Los Angeles ranks as the second-largest city in the nation; its citizens hail from 140 countries and speak 86 different languages. In fact, Los Angeles is one of only two U.S. cities without a majority population.

But unlike many of the world's greatest metropolitan destinations, L.A. is seen more in the context of the present -- even the future -- than the past. This young city is all the more intriguing because that past is fresh and easily excavated (both figuratively and literally); the sense of simultaneously having one foot in yesterday and one in tomorrow is part of what makes discovering L.A. so rewarding. In this section, we give you a little rundown on the history of El Pueblo de Nuestra Señora la Reina de Los Angeles (the Town of Our Lady the Queen of the Angels), along with some other useful background on the local views and customs that give an insight into the city and its inhabitants.


Having survived a long, leisurely pioneering infancy and a slightly uncouth adolescence, Los Angeles has blossomed into one of the world's major cultural centers. The movies, TV shows, and music produced here are seen and heard throughout the world; the pop products of the city's efforts govern who we are, how we spend our time, and how we think more than we like to admit.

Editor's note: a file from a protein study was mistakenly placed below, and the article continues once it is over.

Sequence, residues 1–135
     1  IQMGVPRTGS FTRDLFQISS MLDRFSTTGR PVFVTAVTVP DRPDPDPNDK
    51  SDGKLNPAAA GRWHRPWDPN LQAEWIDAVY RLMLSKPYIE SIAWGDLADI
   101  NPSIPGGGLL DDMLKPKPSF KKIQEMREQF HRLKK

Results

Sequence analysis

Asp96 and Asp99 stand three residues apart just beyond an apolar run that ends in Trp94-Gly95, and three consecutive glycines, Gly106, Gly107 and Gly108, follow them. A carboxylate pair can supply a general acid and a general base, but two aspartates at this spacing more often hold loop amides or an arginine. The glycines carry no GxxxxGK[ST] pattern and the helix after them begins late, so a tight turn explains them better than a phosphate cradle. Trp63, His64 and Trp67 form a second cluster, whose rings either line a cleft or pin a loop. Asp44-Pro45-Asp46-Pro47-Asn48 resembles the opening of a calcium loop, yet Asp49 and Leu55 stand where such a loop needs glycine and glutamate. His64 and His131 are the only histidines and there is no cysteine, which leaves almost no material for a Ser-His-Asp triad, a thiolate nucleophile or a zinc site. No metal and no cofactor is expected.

As Los Angeles hurtles through the 21st century, the city is going through some drastic changes. Intense growth and increased ethnic diversity have fueled a climate of political and philosophical change; in many ways, there are two L.A.s, existing in parallel universes. There's the beautiful showbiz town, home of starlets and hunks who cruise palm-tree-lined streets in sleek convertibles on their way to the studio. The other universe is a multiethnic Pacific Rim metropolis, swelling uncomfortably from the influx of new residents, yet enriching the city with cultural diversity. In this other L.A., you'll encounter Vietnamese, Ethiopian, Russian, and Salvadoran enclaves in formerly run-down parts of town. You'll find a city straining to grow technologically into a new century, right next to the town eager to preserve its golden (and sometimes isolationist) roots.

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